Today’s #Oulipost assignment was Patchwork Quilt, a loose cento incorporating lines or words from each of the 29 poems we constructed this month. Mine is loose and unstructured and a bit rambly, but it’s where I’m at with 53 minutes left in April. 

Oulipost #29: Canada Dry

Summer on Quarry Hill

  

We’re not free and easy.
We’re very authoritative.
We have some doctrine, some dogma.

We are mostly a community, mostly
people, who are mostly interested
in the arts, literature, photography,

music. Young people, lured by the land,
having children and building houses
open to whoever wants to come.

We are the story of a movement,
a lot of movement, mostly from New York
City, from the kind of Bohemian arty scene

male cartoonists left for military duty.
There are two rules: no hitting the kids,
no hunting, and no fishing.

Expect a place where you will be subjected to
a lot of pressure, a place where you can live
cheaply (that’s a big selling point), a place

where you can spread out, strip for Harvey
Comics, work under the name B. Hall, and
live in relative comfort atop Quarry Hill.


 

Original Word Source

Vermont ‘hippie commune’ co-founder dies at 94.” Foster’s Daily Democrat [Dover, NH]. 29 Apr. 2014 online

Notes on Project and Process

Today’s #Oulipost assignment was Canada Dry, a playful prompt that honors the impostor in us all.  Ginger ale: just because it is golden and tasty and refreshing and has bubbles, it doesn’t mean it’s champagne. In that way, just because a poem has the look or feel or sound or rhythm of Oulipian constraints, it doesn’t mean it actually was constructed from one.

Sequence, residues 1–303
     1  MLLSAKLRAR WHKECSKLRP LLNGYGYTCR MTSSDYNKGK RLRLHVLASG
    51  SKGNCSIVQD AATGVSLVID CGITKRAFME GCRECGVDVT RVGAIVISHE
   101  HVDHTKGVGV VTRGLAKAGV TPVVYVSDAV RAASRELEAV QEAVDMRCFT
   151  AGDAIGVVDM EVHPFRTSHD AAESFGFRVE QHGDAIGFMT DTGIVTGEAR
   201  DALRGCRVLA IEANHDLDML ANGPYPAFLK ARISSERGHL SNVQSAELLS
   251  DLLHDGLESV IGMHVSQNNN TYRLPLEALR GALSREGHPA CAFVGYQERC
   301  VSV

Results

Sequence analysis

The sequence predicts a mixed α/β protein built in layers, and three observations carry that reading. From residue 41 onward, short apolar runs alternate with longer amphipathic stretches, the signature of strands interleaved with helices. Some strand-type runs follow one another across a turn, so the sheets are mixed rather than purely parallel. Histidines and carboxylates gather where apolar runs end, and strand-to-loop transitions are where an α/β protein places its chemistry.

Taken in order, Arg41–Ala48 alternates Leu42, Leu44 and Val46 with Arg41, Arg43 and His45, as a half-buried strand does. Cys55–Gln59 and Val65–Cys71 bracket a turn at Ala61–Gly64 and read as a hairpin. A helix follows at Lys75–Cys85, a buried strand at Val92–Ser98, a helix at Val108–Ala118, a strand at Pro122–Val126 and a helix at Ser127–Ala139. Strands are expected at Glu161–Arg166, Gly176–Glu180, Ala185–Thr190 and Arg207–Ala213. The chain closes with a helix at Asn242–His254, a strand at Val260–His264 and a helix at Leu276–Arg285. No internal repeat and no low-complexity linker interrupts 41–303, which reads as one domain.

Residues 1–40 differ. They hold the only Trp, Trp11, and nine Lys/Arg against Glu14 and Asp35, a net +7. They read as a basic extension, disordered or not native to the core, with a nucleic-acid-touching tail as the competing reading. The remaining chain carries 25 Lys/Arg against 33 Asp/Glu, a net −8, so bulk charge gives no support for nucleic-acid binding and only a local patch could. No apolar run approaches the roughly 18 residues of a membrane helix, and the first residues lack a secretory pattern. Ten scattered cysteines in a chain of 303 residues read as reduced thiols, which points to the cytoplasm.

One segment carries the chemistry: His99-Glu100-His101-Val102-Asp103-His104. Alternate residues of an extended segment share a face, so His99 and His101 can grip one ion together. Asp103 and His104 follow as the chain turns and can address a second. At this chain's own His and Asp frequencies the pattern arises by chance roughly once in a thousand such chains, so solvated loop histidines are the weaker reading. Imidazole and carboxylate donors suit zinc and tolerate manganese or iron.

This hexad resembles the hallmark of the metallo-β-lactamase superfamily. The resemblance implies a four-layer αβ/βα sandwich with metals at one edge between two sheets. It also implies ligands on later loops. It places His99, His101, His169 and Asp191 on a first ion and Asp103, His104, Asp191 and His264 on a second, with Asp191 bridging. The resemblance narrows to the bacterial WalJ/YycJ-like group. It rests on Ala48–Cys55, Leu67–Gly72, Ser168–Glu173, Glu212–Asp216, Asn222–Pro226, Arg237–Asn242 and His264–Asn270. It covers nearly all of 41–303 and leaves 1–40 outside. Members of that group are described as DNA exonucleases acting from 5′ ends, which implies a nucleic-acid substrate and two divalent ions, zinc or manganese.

Oulipost #28: Melting Snowball

Someone

  


 

Original Word Sources

Eppich, Connie. “Immigrants recall starting new lives in Tri City region.” Foster’s Daily Democrat [Dover, NH]. 28 Apr. 2014 A1

"Jury selection scheduled in UNH student killing." Foster’s Daily Democrat [Dover, NH]. 28 Apr. 2014 online

Notes on Project and Process

Today’s #Oulipost assignment was a melting snowball, a form in which each word is one character shorter than the word preceding it. Methodology was the same one I used in the original snowball, a basic level of trickeration using online tools and Excel functions. After organizing the words by length, the poem wrote itself, word game style.

Oulipost #27: Irrational Sonnet

Climbing to the Roof of the World

  

Enduring zero degree springs -
confident in sinking feelings -
at the church of the distressed,

California transplants are not friendly.

Turkeys drumming and grouse undressed,
huge chunks of ice tumble without warning,
all rapidly dancing with global warming.
The honeybees are stressed.

The migration is happening quickly.